This evidence, then, was sufficient for a jury to have found beyond a reasonable doubt that Spencer was a leader or organizer of this drug transaction. Cf. United States v. Apperson, 441 F.3d 1162, 1211-12 (10th Cir. 2006) (reviewing Booker error for plain error and holding evidence was sufficient such that a jury would have found, beyond a reasonable doubt, that the defendant was a manager or supervisor of the offense).
There was overwhelming evidence presented at sentencing from which a jury would have found, beyond a reasonable doubt, the same sentencing facts the district court found by a preponderance of the evidence.(8) Therefore, the trial court's constitutional Booker error--using those two facts to enhance Spencer's sentence--did not affect Spencer's substantial rights.
B. Whether there is a reasonable probability that the district court, considering 18 U.S.C. § 3553(a)'s factors, would impose a different sentence outside the guideline range.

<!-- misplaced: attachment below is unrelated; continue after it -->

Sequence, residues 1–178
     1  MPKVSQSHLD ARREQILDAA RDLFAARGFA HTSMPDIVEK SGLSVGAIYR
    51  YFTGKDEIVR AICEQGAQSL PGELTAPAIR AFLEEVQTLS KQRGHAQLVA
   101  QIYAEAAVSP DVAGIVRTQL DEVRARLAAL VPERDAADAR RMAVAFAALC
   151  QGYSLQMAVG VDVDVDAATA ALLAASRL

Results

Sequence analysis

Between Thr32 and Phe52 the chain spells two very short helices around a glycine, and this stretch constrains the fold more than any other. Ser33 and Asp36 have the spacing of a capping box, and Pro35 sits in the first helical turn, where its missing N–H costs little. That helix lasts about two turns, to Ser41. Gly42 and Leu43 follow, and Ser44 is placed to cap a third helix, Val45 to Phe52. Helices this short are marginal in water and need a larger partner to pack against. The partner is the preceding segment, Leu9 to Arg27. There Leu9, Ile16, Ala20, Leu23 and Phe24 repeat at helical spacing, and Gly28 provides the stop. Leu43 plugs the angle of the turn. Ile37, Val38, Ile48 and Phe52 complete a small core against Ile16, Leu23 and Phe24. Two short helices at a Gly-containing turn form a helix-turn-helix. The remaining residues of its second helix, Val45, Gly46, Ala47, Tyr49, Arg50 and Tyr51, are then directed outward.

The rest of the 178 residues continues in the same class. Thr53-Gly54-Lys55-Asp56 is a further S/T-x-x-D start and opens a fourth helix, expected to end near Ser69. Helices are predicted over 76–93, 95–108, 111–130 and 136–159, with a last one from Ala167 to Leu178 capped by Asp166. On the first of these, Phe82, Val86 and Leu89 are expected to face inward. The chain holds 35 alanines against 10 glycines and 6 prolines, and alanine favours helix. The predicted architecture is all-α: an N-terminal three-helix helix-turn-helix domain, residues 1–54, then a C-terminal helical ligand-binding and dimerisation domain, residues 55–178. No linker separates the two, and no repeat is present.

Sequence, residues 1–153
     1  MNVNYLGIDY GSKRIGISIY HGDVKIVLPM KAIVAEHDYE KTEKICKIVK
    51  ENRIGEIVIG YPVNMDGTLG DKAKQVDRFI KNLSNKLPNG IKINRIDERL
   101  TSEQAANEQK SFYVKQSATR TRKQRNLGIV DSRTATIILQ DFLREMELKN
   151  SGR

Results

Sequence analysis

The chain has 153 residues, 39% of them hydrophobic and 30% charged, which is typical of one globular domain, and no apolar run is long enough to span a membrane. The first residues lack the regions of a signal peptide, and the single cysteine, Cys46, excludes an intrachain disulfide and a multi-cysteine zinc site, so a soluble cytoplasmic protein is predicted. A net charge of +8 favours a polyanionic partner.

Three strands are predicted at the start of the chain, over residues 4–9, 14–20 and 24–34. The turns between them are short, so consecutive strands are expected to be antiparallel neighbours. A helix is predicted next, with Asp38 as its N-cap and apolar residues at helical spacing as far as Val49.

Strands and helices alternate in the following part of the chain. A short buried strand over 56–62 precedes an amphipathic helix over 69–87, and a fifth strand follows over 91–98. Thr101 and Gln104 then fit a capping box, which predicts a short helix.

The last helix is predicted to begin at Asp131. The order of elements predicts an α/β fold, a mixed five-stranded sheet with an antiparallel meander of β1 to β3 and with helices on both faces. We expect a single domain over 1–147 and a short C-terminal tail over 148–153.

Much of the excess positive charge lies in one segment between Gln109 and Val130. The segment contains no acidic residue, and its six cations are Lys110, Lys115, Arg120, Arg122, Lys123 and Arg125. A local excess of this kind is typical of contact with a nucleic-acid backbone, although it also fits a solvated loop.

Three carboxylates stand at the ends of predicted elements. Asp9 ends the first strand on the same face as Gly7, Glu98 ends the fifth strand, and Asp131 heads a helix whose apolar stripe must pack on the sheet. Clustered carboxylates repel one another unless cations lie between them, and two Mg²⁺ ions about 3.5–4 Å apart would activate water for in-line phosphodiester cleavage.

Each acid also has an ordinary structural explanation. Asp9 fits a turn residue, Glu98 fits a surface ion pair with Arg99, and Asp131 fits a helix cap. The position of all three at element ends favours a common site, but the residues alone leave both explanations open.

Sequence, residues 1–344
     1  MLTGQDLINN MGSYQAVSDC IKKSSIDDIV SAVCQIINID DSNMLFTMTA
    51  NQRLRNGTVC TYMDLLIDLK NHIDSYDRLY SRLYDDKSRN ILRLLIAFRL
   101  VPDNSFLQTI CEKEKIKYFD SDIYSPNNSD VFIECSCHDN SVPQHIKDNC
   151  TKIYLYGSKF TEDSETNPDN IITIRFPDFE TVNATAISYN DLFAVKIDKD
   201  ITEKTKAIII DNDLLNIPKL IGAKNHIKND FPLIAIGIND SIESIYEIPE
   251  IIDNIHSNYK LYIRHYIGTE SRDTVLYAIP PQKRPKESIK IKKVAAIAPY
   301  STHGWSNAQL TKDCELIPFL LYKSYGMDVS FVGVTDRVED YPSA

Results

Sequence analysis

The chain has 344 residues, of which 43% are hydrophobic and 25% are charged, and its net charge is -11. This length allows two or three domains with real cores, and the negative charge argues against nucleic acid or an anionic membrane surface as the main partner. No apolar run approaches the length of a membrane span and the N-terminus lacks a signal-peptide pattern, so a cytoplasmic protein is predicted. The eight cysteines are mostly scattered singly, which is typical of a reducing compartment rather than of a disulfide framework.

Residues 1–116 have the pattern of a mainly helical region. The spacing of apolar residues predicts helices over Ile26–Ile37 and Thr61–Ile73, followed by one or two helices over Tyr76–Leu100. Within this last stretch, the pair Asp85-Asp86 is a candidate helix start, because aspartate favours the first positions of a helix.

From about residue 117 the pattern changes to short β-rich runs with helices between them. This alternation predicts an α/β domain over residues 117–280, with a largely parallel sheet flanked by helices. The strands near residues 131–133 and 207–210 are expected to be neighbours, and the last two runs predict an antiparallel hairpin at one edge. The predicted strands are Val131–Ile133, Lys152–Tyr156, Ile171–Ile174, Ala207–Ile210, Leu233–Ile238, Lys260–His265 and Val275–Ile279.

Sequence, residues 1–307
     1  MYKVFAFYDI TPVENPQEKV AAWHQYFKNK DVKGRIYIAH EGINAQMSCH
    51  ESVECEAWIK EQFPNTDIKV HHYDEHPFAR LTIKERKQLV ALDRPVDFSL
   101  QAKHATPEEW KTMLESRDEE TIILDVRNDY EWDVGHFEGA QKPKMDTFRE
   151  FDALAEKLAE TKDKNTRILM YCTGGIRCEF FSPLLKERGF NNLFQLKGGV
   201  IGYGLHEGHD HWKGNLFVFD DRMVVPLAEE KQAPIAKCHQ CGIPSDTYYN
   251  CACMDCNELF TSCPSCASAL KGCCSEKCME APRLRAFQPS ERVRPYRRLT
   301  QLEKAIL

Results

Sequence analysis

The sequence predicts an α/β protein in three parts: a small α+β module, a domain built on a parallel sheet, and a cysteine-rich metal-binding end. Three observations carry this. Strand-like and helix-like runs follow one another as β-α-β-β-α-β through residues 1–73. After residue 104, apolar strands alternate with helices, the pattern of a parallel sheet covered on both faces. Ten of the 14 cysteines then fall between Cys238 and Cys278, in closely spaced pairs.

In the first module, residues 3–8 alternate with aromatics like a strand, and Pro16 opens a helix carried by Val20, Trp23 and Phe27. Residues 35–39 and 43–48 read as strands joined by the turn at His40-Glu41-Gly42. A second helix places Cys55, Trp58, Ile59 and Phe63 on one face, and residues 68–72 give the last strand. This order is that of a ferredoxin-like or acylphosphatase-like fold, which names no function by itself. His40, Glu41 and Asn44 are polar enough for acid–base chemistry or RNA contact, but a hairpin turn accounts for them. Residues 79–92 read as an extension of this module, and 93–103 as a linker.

The trial court's constitutional Booker error could also affect Spencer's substantial rights if there is a reasonable probability that the court, had it considered the sentencing factors set forth in 18 U.S.C. § 3553(a), would have imposed a sentence outside the guideline range. See Small, 423 F.3d at 1190. Ordinarily, this analysis requires us to consider what sentence the district court would have imposed, if it had applied an appropriate post-Booker analysis. See id. In light of the district court's alternate sentence imposed in this case, however, there is no need for us to engage in such speculation. We know exactly what sentence the district court would have imposed had the court not applied the guidelines in a mandatory manner. See United States v. Corchado, 427 F.3d 815, 821 (10th Cir. 2005), cert. denied, 126 S. Ct. 1811 (2006); United States v. Serrano-Dominguez, 406 F.3d 1221, 1224 (10th Cir. 2005). The district court would impose the same sentence. Therefore, we can be confident that there is no reasonable probability that the district court, now treating the guidelines as advisory and specifically considering § 3553(a)'s factors, would impose a different sentence outside the guideline range.(9) Cf. United States v. Cornelio-Pena, 435 F.3d 1279, 1289 (10th Cir.), cert. denied, 126 S. Ct. 2366 (2006) (relying on an alternate sentence to conclude that non-constitutional Booker error was harmless); Corchado, 427 F.3d at 821 (same); Serrano-Dominguez, 406 F.3d at 1223 (same).